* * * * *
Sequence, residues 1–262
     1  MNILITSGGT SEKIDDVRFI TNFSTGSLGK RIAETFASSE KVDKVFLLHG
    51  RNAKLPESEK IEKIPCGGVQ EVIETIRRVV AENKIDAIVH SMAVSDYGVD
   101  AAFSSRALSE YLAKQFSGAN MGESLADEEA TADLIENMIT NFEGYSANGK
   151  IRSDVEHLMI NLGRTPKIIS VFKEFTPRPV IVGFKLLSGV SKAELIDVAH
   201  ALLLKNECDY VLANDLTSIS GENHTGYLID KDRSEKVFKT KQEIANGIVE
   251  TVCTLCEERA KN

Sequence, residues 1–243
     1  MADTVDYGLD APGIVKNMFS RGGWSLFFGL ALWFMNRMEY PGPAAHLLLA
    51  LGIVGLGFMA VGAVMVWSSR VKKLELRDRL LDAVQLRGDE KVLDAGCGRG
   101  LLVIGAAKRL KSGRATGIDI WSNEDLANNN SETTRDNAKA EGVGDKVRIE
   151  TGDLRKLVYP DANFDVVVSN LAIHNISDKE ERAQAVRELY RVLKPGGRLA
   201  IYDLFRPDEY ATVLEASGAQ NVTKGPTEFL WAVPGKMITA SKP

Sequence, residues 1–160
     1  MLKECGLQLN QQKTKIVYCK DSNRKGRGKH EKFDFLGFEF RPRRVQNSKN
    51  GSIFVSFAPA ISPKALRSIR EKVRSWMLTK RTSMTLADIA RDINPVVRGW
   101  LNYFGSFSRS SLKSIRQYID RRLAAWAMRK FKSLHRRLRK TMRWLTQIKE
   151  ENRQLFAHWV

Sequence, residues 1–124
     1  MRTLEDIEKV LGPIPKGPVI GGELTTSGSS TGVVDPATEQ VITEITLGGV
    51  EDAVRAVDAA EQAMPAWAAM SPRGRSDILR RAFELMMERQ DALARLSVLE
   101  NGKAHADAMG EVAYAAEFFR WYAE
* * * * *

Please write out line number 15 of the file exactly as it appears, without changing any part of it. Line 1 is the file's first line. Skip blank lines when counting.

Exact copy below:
     1  MLKECGLQLN QQKTKIVYCK DSNRKGRGKH EKFDFLGFEF RPRRVQNSKN